4th Nursing World Conference
- August 19-21, 2019
- London, UK
Emily Cannon is a native of Terre Haute, Indiana. Emily received her Associate of Science in Nursing from Vincennes University in 1995. She earned a Bachelor of Science in Nursing and a Master’s in Nursing from Indiana Wesleyan University. She graduated in May of 2015 from Indiana State University’s Doctorate of Nursing Practice program.
Emily worked for Union Hospital in Terre Haute, Indiana as a medical-surgical float nurse (1995-1997) and later as an Infection Control Practitioner (1997-2003). From 2003-2012, she served as a nursing faculty member at Ivy Tech Community College until she began teaching in the Baccalaureate Nursing Program for Indiana State University.
Emily’s interests include teaching, infection prevention and treatment, emergency nursing, and community health. She enjoys spending time with her family, running, and is an advocate for animals, children, and the elderly.
Purpose: Spiritual care for healthcare providers has been vital for stress reduction and cohesiveness among professionals. Following an oncology patient’s difficult death in the fall of 2016, a small group of healthcare members decided to meet for a brief group prayer prior to the start of the day shift. The group prayer gathering continued as attendees wanted to continue this brief morning prayer. The purpose of this qualitative descriptive study was to identify how group prayer may have influenced healthcare workers’ perceptions regarding the work environment.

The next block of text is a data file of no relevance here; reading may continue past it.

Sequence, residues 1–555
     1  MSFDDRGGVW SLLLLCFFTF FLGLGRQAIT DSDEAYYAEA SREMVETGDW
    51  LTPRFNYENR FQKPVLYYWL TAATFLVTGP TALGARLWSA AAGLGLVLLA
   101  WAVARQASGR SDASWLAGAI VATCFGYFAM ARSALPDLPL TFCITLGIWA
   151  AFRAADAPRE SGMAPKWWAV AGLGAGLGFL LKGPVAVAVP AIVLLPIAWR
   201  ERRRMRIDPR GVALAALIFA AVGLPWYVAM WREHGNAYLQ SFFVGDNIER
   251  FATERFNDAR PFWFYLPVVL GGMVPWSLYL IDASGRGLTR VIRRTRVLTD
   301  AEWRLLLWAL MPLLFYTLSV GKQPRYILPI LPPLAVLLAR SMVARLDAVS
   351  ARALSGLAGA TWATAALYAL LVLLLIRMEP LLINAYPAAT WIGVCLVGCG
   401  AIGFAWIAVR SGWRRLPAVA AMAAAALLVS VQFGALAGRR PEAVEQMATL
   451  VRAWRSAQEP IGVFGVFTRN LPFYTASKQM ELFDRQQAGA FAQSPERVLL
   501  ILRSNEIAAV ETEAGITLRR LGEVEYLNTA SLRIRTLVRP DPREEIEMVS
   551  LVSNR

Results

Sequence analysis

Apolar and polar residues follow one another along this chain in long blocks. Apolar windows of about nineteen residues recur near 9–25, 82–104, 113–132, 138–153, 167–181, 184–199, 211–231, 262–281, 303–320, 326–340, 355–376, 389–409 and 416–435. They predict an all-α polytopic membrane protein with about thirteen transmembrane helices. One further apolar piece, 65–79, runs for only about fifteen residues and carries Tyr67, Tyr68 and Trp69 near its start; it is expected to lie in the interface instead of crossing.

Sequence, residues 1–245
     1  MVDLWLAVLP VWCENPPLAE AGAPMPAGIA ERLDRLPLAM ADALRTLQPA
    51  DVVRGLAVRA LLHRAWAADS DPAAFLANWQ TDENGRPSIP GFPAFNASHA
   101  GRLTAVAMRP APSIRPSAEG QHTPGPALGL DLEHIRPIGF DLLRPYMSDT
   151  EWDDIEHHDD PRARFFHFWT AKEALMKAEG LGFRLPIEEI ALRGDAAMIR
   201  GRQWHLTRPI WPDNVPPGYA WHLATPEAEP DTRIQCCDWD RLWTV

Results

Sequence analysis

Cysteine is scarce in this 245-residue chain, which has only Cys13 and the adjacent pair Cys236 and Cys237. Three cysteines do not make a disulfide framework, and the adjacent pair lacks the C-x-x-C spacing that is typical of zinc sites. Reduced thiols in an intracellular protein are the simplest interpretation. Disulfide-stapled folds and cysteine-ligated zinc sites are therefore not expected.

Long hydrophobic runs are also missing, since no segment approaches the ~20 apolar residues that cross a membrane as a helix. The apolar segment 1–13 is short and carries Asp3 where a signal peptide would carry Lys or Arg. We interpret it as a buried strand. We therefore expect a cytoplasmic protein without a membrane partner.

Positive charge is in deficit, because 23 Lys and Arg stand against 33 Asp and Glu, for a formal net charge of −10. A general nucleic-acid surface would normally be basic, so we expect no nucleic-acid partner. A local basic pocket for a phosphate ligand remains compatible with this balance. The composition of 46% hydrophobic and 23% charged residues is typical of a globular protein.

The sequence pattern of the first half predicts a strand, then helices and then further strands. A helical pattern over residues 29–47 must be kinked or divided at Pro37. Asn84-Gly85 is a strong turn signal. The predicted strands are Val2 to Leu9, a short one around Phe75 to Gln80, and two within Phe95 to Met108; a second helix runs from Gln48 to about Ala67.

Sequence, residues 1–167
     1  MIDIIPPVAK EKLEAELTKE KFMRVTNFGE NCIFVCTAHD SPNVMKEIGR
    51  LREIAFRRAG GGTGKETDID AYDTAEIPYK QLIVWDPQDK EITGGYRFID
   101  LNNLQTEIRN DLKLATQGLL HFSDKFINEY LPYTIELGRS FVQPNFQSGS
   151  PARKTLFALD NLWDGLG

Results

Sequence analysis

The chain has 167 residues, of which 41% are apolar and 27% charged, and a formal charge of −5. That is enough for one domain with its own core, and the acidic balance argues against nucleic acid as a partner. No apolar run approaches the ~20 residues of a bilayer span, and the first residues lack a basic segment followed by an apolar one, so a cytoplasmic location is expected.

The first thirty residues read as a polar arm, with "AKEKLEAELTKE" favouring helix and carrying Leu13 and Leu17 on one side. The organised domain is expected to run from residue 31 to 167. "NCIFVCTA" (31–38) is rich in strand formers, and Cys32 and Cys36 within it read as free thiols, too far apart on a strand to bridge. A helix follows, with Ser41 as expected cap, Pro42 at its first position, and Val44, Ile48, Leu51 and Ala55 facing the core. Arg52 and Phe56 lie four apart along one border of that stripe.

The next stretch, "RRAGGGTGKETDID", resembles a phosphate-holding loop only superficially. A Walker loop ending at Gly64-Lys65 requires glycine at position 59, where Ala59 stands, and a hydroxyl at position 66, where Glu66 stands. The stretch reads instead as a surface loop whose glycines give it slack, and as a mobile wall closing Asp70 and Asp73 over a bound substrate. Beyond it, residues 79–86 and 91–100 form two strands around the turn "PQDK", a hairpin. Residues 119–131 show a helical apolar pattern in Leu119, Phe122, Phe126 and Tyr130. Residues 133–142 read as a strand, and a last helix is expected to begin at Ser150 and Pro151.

Methods: A convenience sample of 27 healthcare team members took part in the project over a 1-month period. The data was gathered with a 10-item questionnaire, voluntarily completed after the experience. The information was reviewed and analyzed by the research team. This study was approved by an associated university’s institutional review board and the hospital review board.
Results: Significant findings emerged regarding the positive psychological and emotional experiences of those who participated in the project. Data also indicated that the timing of the group prayer was important.
Conclusion: Prayer is a valuable tool for healthcare team members as a part of self-care. It may contribute to better employee relationships, cohesive working groups, and enhanced patient care.